Wednesday, July 30, 2014

Rules that are written and those that are real

Highway speed limits were the topic on the call-in radio show a few days ago in my home town. The show asked, since people routinely drive 20 kilometres an hour (at about 75 miles an hour for American readers) above the posted speed limit, maybe the province should just raise the posted speed limit to 120 km/h.

It's an interesting debate. On one hand, the law would acknowledge what people, drivers as well as police, are actually doing, anyway; on the other, raising the speed limit may encourage people to drive even faster.

Would someone who exceeds the speed limit—breaks the law, in other words—persist in unlawful behavior and drive 140 kilometres an hour?

The debate illustrates the difference between what people say and what they do, and between the stated laws and the rules that people really obey. John Irving explored this idea in his novel The Cider House Rules. Much of it is set on an orchard farm, whose owners post rules for the pickers who stay during the season in the “cider house.” Rules like "Please don't go up on the roof if you've been drinking—especially at night."

Of course, all the orchard pickers went up on the roof at night, with beer, because it was cooler.

The pickers disobeyed nearly all the written rules, but they obeyed very firm rules. Mr. Rose, the head picker, made the real rules that governed the cider house, rules that were clear and understood, if unwritten.

I think John Irving got it right: the real rules are unstated but clear.

We can see this phenomenon playing out all around us. The written rules say "no bullying tolerated," but bullies always have ruled every playground.

Writ large, we see this in eastern Ukraine today. The United Nations' rules proclaim the sovereignty of states, yet Russia supports its proxies in prosecuting a rebellion. Then official Russian government sources deny this, in writing, and decry Ukraine's use of force.

The written rules tell us not to commit adultery; in former centuries, the penalties were fierce. Yet there was probably as much sex unauthorized by religion or society going on in previous centuries as there is today.

Why the conflict?

The phrase "put it in writing" supposedly means that written communications is more credible, more reliable, more likely to be true. “Unwritten rules” is a cliché in itself. But the unwritten rules are more accurate.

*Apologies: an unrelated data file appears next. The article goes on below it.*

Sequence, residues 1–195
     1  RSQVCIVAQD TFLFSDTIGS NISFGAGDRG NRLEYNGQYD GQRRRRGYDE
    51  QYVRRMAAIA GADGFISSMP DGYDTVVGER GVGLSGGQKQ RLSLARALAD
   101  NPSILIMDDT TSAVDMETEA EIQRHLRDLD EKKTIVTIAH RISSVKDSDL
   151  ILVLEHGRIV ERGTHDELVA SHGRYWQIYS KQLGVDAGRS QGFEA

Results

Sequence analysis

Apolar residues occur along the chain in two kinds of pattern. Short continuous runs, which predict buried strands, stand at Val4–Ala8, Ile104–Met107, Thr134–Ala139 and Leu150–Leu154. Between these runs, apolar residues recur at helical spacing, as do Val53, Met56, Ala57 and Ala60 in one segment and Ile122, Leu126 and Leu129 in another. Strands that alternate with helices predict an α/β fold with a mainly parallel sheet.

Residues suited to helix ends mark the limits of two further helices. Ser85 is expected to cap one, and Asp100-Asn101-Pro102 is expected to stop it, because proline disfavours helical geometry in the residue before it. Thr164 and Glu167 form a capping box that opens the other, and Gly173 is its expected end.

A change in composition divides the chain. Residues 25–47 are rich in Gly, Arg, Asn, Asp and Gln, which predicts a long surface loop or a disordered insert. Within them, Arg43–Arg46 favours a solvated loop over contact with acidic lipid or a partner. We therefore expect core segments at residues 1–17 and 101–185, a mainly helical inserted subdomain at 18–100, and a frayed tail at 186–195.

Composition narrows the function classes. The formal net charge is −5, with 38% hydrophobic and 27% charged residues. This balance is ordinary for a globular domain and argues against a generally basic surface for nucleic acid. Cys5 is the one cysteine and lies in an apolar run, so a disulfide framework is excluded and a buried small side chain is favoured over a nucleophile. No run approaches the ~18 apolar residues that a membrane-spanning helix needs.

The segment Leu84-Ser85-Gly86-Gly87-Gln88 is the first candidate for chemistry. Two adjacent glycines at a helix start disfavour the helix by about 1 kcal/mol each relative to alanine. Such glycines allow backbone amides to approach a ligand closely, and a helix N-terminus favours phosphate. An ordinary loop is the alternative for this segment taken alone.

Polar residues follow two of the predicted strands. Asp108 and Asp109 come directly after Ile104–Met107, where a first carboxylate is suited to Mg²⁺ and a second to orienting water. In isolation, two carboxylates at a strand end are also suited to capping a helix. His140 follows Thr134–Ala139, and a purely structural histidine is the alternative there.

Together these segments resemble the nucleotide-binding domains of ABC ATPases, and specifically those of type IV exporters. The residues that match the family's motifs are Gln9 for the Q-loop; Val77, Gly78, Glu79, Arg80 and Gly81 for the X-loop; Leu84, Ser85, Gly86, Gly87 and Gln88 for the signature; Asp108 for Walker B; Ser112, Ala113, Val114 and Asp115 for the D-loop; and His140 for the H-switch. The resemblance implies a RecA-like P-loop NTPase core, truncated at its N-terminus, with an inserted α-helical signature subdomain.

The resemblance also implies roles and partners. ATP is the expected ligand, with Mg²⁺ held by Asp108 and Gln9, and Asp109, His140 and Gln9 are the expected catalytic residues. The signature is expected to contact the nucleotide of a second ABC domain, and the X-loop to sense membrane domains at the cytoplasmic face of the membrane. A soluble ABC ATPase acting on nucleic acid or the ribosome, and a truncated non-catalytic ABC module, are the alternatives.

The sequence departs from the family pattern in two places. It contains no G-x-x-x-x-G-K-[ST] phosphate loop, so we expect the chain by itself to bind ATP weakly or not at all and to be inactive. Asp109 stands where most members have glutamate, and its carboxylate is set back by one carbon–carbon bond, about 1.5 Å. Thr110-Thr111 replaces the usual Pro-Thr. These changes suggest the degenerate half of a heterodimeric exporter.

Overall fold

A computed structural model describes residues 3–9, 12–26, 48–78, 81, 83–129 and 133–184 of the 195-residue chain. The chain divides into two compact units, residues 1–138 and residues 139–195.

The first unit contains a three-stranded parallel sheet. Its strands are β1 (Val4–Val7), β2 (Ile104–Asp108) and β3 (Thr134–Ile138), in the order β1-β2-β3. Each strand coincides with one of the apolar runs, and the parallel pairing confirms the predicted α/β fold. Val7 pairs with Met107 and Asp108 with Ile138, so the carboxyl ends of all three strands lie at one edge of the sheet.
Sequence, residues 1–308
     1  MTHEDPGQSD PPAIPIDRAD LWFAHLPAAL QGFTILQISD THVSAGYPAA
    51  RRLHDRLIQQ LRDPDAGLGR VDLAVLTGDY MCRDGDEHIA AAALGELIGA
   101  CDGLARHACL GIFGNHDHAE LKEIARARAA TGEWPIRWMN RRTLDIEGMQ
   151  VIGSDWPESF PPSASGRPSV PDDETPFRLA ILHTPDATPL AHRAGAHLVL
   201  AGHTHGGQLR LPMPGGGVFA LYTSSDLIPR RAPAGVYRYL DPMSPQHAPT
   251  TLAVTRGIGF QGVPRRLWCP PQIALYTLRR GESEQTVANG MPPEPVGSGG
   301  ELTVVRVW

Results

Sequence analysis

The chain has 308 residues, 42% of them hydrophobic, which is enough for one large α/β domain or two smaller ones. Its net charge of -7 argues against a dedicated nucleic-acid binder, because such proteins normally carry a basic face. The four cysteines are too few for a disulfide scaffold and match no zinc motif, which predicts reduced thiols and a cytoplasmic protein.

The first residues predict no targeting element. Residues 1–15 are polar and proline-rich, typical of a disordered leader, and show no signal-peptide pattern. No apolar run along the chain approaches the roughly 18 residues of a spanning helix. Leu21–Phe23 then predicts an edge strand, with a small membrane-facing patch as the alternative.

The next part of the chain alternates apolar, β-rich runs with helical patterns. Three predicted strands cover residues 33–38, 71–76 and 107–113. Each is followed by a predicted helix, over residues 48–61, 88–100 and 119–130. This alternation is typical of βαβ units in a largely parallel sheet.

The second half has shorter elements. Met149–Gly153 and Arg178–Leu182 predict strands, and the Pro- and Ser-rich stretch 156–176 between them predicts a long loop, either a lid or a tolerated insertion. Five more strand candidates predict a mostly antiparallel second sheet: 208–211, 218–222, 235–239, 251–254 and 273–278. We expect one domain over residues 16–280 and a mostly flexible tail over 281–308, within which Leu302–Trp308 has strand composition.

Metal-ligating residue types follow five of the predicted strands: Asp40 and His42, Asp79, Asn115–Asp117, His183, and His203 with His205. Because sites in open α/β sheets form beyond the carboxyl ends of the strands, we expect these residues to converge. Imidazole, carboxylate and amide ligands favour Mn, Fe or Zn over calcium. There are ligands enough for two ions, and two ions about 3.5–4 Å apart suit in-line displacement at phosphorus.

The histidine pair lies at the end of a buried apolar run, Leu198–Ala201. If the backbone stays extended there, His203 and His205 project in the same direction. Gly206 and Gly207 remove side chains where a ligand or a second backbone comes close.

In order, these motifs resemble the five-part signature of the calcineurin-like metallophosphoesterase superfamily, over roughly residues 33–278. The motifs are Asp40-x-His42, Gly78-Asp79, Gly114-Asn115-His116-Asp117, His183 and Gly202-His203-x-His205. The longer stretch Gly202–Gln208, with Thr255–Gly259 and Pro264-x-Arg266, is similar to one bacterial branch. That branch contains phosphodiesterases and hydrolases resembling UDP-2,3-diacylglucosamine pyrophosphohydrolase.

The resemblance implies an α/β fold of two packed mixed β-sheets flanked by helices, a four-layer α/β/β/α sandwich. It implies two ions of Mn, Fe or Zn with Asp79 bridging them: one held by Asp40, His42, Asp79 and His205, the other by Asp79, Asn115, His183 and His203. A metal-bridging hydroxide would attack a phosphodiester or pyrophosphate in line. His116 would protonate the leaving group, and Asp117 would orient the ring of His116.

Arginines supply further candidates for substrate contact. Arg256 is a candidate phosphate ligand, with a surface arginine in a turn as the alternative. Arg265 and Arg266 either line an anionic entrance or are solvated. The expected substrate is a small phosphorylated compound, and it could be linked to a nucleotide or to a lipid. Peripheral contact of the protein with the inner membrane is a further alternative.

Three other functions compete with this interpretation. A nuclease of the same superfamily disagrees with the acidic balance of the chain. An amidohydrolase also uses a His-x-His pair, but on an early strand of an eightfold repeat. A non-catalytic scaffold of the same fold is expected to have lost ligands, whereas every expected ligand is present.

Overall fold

The written rules tell us what we should do.

To me, the bigger question is not why we don’t follow the written rules, but rather, why we feel compelled to write down rules that go against what we normally do.

Monday, July 21, 2014

Do we need a new category?

Photo by jsorbieus via Flickr Creative Commons.
Last month, I wrote in this blog that I did not consider my books to be self-published because I did not do the work myself. In fact, a number of talented, creative and generous people made critical contributions to the development of all my books, as
  •           pre-publication readers (“beta readers”)
  •           editors
  •           proofreaders
  •           a cover designer
  •           marketing consultants.

I have said before, in this blog and elsewhere, that commercial publishers, big or small, hold no monopoly on quality books, electronic or print. Authors have more than one skill, and by collaborating, they can help each other publish books that meet or exceed the standards of Little, Brown, MacMillan or Knopf.

Exceeding their marketing and distribution might is another story, of course.

To me, a better term than “self-published author” is “independent author,” because I am independent of the control of any publishing company. No one tells me what to write, what to include, or what kind of cover to have.

But as readers of this blog will know, blogger, author and teacher Joshua Isard wrote that the term “independent publisher” is already taken. (I won’t quibble that I didn’t call myself an independent publisher, but rather an independent author. Oops, I guess I just did.)

The publishing landscape is changing fast.

Author and blogger Anne R. Allen wrote in her blog about the blurring lines between traditional, commercial and self-publishing. Not only is Amazon becoming a publisher, but the Big 5 have been adding self-publishing services as well as buying vanity presses—companies that charge authors (often thousands of dollars) to help them format, print and produce e-books.
(I will give you some free advice if you want some, or you can read this blog regularly).

As Anne concludes, the lines have always been blurry and they’re not getting any clearer.

But maybe “independent publisher” is the wrong term, simply because it doesn’t describe an idea clearly. Maybe we do need another term.

How about “collaborative publishing,” or “cooperative publishing”? Do either of those work better?

What do you think?

Friday, July 18, 2014

My print adventures

Publishing a printed book is much less forgiving than producing an e-book. I have known that since I started working with electronic publishing, lo many years ago. But I really felt it with the production of my third book, Army of Worn Soles.